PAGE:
Perhaps the highlight of the Garcia-Ortiz union came in April of last year, when Ortiz dethroned Andre Berto by close unanimous decision for the WBC belt in a clash that featured two knockdowns by each fighter. But in September of last year, Ortiz, in turn, was dethroned via fourth-round knockout loss to Floyd Mayweather Jr.
The Mayweather bout ended in controversy. For at the moment when Mayweather threw the two-punch combination that resulted in the knockout, Ortiz’s hands were down at his sides after attempting to apologize — in the form of a hug — to Mayweather for one of the headbutts.
With referee Joe Cortez nearby, Mayweather took advantage of the opening and nailed Ortiz first with a jarring left hook and then a powerful, straight right hand that sent the ex-titleholder sprawling to his back. Ortiz rolled over and tried to get up, but failed to rise in time to beat Cortez’s 10-count.
“I told him after we lost the fight against Mayweather that he still could be champion, because he has all of the tools. He has a lot of potential and a lot of talent,” said Garcia.
“Victor is a guy who hits hard and he’s a good fighter I think that he can be the No. 1 fighter, pound-for-pound, because he is still young. As for me, I’m satisfied with my work with Victor, and I think that I was doing good, but there is nothing more that I can do.”
Arellano said that Ortiz will decide his next move after recovering from his injured jaw.
“There are no thoughts right now. I think that what Victor basically has to do is heal and to regroup. We want to allow him to collect his thoughts and to get balance and make sure that he’s okay, because he’s going to be off for a long time. it’s six months,” said Arellano.
“If he picks a trainer, he can be the greatest trainer in the world, but if you don’t have the chemistry and the match with the fighter, then it doesn’t work. Because of personalities and because of styles, things might not work. But what has to happen is that he should go and work with different trainers over a couple of weeks and check out their personalities and if it works it works.”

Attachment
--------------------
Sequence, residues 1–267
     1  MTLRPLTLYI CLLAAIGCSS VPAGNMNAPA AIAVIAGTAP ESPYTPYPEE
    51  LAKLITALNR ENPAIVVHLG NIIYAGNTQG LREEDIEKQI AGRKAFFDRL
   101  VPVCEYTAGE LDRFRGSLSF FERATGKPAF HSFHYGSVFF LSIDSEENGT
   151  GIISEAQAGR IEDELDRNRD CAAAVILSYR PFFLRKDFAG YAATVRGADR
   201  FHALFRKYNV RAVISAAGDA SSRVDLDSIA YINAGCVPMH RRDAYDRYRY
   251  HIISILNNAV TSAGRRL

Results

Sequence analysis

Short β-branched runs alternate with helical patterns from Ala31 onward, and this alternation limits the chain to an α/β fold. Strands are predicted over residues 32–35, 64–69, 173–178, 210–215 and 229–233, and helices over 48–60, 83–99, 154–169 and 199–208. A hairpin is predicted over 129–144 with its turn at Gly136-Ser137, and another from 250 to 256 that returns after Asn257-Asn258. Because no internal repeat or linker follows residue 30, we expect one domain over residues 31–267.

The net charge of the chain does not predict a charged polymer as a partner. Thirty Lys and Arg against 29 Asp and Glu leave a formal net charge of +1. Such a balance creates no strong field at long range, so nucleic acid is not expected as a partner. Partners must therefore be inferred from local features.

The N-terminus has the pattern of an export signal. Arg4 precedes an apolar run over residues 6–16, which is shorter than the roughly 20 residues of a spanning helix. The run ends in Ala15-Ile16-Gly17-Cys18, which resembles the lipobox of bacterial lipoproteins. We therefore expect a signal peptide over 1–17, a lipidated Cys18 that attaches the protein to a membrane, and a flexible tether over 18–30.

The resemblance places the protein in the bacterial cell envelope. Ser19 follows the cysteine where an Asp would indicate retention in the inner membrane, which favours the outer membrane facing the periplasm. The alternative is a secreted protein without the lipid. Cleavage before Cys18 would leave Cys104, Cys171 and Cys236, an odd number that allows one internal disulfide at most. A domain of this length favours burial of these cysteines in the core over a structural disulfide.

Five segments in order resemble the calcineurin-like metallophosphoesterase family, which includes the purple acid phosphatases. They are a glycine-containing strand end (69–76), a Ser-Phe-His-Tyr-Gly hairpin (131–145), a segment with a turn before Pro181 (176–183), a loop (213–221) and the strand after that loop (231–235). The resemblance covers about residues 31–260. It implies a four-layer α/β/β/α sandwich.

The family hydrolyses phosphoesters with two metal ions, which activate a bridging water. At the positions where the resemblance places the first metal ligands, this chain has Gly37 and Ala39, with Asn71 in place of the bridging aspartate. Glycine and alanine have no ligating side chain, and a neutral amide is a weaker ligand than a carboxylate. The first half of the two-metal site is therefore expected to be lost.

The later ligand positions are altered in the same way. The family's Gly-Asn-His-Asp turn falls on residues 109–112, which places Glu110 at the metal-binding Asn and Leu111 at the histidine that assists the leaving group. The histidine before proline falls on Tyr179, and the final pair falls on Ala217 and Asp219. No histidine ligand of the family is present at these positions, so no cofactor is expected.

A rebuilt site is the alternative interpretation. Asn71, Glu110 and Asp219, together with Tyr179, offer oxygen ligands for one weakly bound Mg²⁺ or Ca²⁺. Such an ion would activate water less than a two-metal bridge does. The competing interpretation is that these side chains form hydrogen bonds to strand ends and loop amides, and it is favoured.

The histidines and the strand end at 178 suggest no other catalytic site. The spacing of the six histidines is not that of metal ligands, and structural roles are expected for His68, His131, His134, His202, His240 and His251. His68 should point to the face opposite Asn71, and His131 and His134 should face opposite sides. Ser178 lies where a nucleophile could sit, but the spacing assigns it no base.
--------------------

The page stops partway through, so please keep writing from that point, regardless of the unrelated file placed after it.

A BEASTLY VICTORY
Houston light heavyweight Cornelius “Da Beast” White (20-0, 16 KOs) came up with his fourth straight triumph with Saturday’s one-sided, unanimous decision over Russia’s Dmitry Sukhotsky (18-2, 13 KOs) that ended the loser’s winning streak of four consecutive knockout victories at the Palms Casino and Resort’s Pearl Theater in Las Vegas.
Judges Richard Ocasio, Robert Hoyle and Patricia Jarman had it for White, 120-108, 119-109, and, 118-110, respectively, as Sukhotsky lost for the first time since falling by unanimous decision to then-WBO beltholder Juergen Braehmer in December of 2009.
White now looks to challenge the likes of WBA titleholder Beibut Shumenov (13-1, 8 KOs) or IBF counterpart Tavoris Cloud (24-0, 19 KOs),who has a scheduled defense of his crown opposite former RING and WBC champion Jean Pascal (26-2-1, 16 KOs) on Aug. 11.
I am trying to show that I am ready to be a player on the elite level,” said White, who is managed by Ken Richardson and co-promoted by Dan Goossen and Antonio Leonard. “Tough challenges are what I want and I want Tavoris Cloud or Beibut Shumenov. I know I can beat them both.”
White appears to have successfully bounced back from his first-round knockout loss to Donovan George in February of last year.
“Like many before him, a loss either destroys your career or takes you to higher levels,” said Goossen. “It was Cornelius’ loss that made him better, stronger and more determined to overcome everything in the ring moving forward, which he has proved with some mighty big punchers and world-class fighters.”
White and his team are targeting a September or October return to the ring.
Photo by Naoki Fukuda
Photo by Tom Hogan Photos, Golden Boy Promotions
Lem Satterfield can be reached at email@example.com